Gazebo Roof 1This is not my first shingle project.  In 2010, my father helped me build a new deck with a gazebo at my old house.  He worked for 19 days before needing to return home.  I had to finish the shingles and all decorative trim myself.  That’s me in the picture.  The shed is a piece of cake compared to the gabled roof of the gazebo.

I bought Owens Corning Oakridge shingles, color Driftwood, from Menards to match the shingles on my house.  The plans called for two packs and I did not want to run short.  In laying shingles the first row you actually lay upside down, it’s your starter row.  Remembering that I went to the Cincinnati ReUse Center and spent $2 on 4 loose shingles.  With the starter row in place all you really need to do is follow the installation instructions on the shingle packaging.  My mother always told me if you can read you can do anything and she was 100% right.  The instructions called for six courses, starting from the left  after row 1 that started with a whole piece; the next 5 had to be cut 2, 6 1/2″; 3, 13″; 4, 19″; 5, 26″; and 6 32 1/2″.  A scrap piece of the roof sheathing was a perfect cutting board, becoming the perfect jig.  I only got half done before the rains came, which was fine because I needed to go back to Home Depot and get a different drip edge.

It appeared I had already gotten the widest drip edge, I kept what I had, but also bought 10′ roll of 6″ wide aluminum flashing.  That covered the gap at the top and I was able to attach the drip edge.  With that complete I laid my felt paper and continued with installing the shingles.  When I got to the last row, which I knew wouldn’t have strong nail contact, I applied roof cement caulk.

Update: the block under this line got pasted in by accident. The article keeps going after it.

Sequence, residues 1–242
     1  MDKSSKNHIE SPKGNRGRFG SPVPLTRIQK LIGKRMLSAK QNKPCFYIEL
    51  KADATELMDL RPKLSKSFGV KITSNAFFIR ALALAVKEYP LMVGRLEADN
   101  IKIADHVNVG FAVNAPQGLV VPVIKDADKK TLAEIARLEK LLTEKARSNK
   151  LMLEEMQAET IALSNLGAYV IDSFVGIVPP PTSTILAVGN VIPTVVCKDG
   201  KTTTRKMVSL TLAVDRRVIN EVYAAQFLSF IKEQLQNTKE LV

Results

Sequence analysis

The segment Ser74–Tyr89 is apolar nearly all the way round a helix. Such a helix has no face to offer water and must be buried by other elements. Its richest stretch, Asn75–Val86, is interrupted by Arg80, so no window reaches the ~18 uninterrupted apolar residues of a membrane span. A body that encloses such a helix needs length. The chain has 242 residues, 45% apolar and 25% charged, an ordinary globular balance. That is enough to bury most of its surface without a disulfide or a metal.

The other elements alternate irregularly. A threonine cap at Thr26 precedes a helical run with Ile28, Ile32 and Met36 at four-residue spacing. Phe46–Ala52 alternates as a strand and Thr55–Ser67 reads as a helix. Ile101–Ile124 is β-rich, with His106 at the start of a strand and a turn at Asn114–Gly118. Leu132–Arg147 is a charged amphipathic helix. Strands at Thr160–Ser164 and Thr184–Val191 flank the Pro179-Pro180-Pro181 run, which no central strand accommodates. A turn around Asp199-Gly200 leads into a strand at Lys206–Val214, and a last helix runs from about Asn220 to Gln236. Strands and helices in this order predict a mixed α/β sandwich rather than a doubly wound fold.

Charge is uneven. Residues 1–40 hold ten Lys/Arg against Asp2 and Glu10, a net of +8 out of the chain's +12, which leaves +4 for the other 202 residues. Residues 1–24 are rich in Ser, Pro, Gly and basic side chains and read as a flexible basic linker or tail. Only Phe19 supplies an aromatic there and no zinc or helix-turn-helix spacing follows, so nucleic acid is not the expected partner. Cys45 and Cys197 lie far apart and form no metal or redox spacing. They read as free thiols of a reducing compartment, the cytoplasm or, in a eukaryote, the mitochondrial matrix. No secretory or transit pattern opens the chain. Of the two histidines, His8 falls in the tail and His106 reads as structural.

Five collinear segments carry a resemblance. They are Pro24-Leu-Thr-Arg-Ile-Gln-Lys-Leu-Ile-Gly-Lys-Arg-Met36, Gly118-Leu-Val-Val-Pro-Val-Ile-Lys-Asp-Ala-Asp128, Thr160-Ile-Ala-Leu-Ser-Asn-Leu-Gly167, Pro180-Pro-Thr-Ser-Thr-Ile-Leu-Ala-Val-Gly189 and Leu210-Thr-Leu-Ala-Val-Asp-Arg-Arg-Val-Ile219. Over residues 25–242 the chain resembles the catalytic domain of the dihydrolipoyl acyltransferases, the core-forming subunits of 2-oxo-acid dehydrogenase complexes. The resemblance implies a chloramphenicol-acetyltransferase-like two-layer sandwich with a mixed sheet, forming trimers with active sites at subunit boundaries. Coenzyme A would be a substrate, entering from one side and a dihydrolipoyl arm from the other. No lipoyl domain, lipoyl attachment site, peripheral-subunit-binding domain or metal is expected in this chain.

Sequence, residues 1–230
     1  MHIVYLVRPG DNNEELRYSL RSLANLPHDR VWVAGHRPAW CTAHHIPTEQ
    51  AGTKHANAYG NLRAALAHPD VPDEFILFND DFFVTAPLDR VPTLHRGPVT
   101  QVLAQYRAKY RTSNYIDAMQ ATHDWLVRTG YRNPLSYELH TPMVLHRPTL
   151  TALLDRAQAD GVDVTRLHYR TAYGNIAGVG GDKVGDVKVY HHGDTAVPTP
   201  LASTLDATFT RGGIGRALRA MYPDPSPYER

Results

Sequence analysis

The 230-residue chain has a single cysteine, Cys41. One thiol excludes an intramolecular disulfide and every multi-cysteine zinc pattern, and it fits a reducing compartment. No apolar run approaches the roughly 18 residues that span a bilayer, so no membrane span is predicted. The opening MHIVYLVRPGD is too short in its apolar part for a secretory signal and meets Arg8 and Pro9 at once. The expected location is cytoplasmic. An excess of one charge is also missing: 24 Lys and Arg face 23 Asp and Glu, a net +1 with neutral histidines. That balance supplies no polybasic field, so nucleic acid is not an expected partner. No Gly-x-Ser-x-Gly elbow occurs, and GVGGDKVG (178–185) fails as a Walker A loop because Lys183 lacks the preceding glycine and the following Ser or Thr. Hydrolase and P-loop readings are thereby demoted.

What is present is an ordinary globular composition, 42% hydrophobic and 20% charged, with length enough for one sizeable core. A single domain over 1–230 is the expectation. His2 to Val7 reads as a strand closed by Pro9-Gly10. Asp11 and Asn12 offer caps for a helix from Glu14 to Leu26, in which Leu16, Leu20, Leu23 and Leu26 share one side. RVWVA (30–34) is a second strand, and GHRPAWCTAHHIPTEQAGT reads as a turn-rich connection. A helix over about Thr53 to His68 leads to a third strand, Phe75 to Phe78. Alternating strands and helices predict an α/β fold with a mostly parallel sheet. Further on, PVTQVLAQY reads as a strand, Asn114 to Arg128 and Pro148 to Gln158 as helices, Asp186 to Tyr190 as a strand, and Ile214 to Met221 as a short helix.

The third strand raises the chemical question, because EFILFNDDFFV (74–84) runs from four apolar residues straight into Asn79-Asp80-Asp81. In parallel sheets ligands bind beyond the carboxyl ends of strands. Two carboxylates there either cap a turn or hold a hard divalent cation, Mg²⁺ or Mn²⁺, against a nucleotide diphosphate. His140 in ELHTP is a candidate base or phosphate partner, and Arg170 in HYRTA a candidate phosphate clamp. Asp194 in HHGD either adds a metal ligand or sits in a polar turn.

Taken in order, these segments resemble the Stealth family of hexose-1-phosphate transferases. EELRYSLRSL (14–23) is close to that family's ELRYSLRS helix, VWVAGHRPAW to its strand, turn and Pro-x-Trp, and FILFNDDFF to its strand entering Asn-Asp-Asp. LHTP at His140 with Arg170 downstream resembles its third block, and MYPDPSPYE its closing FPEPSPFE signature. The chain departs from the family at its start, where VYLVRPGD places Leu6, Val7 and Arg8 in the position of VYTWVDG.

It was a cold, muddy, day, so I decided to call it quits after painting the foundation gray to match the house.  I also took the measurements for the soffit cut outs I’d have to make.  I must have read something wrong in the instructions because the top trim piece for the door was too high and it interfered with the soffit placement’; I would need to notch around it.  The T1-11 siding was to be used for this.  Luckily I had plenty of scraps thanks to my mis-cut of the door.  I got the right side spot on with the first cut.  The left took three tries before I got it right.  I drilled the vent holes, painted them, and applied the screen mesh, so they’d be ready to install.  I also cut and painted the front corner trim.  Unless something unforeseen happens the shed should be completed the next day I work on it.


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